It's been an exciting week for TiVo watchers (the company, not the content), with most of the events hinting at the costs of TiVo's failure to design a venture that built partnerships quickly in today's technical and business climate.
But let's start with with good news, a jury just awarded TiVo $73M in its suit against Echostar for infringing its patents "covering a method for playing one television show while recording another and a storage format that allows the pausing of live television, among other capabilities." (WSJ, 4/14/06, TiVo Wins...). This is good news for TiVo, obviously, because as the WSJ journalists put it:
TiVo is facing blistering competition from much larger cable and satellite companies that have the advantage of already-established relationships with tens of millions of television subscribers.
A plan by Cablevision Systems Corp. to let cable television viewers pause and store programs on the cable system instead of living room set-top boxes drew the ire of some programmers, two network owners said on Sunday
Episodes of the ABC shows -- which can be paused, rewound and fast-forwarded -- will contain commercial breaks that viewers can't skip, making Disney hopeful it has figured out a way to turn the delivery of programs over the Web into a profit-generating business. Ten advertisers, including Ford Motor Co., Procter & Gamble, Universal Pictures and Unilever, already have signed up.(WSJ, 4/10/06, Disney will offer...)
Though Fox has lagged behind the other networks in taking the step to make its shows download-friendly, its plan is different in that it plans to share the revenues generated by the move with its 187 affiliate stations, something rival nets ABC, CBS and NBC do not do.
Once again, the victor will not be the one with the best technical solutiuon, but rather the one who figures out a way to give everyone a little (or a lot) of what they want: the advertisers, the networks, the cable and satellite companies, the set-top (and PC) manufacturers, and--oh yeah--the viewer. Apple figured out the way for digital music, who will pull it off in video?
Yesterday, we launched the first academic Center focused on the commercialization of energy efficient technologies. The Energy Efficiency Center (EEC) was created with a $1M grant from the California Clean Energy Fund (CalCEF) represents a rather unique and interdisciplinary collaboration across the colleges of Engineering and Agriculture and the Graduate School of Management. California's Governor Arnold Schwarzenegger gave the opening remarks (for related articles, I've provided links below).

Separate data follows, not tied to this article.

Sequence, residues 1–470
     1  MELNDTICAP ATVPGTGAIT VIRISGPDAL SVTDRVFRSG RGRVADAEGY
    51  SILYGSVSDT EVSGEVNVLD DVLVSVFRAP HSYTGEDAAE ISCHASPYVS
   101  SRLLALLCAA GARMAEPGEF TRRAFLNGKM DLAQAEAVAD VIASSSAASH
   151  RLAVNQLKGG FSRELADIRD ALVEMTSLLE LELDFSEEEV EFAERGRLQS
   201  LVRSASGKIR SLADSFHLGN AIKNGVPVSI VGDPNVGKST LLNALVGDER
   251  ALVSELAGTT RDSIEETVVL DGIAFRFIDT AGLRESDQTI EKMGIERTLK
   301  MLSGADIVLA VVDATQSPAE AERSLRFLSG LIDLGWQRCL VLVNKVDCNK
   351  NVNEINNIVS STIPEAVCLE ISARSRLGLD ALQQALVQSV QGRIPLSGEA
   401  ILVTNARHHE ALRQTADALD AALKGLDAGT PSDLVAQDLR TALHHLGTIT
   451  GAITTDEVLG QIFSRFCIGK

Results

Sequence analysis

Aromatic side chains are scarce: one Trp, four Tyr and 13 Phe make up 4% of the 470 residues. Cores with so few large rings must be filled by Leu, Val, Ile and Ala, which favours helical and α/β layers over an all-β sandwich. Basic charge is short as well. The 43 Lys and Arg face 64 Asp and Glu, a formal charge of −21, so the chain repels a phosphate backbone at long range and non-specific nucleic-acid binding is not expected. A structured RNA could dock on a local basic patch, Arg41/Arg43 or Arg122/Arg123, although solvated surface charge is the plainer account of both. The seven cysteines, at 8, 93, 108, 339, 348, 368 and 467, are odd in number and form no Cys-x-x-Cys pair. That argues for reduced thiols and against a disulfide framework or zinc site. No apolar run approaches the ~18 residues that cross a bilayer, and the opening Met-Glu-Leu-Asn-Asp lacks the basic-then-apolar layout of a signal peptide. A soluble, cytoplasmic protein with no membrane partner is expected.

The Center represents a new direction in the development of energy efficiency and, I hope, other sustainable technologies, as it brings the perspectives and resources of the entrepreneurial community into the conversation--the voices not only of the end-user, but also of investors, suppliers, resellers, and countless others.
As the founding Director of the Center, I gave these brief remarks:
In 1882, Thomas Edison threw the switch at his Pearl Street Station and created an energy revolution. But history can be deceiving. Edison neither invented the light bulb nor perfected its performance. That technology was 40 years old by the time Edison got to it.
Edison’s impact came not from inventing a new technology but, instead, from finding the right business model that would bring this emerging technology into the marketplace--a business model that would be embraced by customers, yes, but also investors, suppliers, regulators, and a host of other eventual stakeholders.
Thanks to the vision and support of the California Clean Energy Fund, the Energy Efficiency Center at UC Davis represents the first effort solely focused on bringing the emerging technologies of energy efficiency into the marketplace.
With the support of CalCEF and in partnerships such as we have now with PG&E, this center will be a catalyst for raising energy efficiency and reducing energy costs in California transportation, building, and agriculture—by bringing rigorous science and practical solutions together with sustainable business models.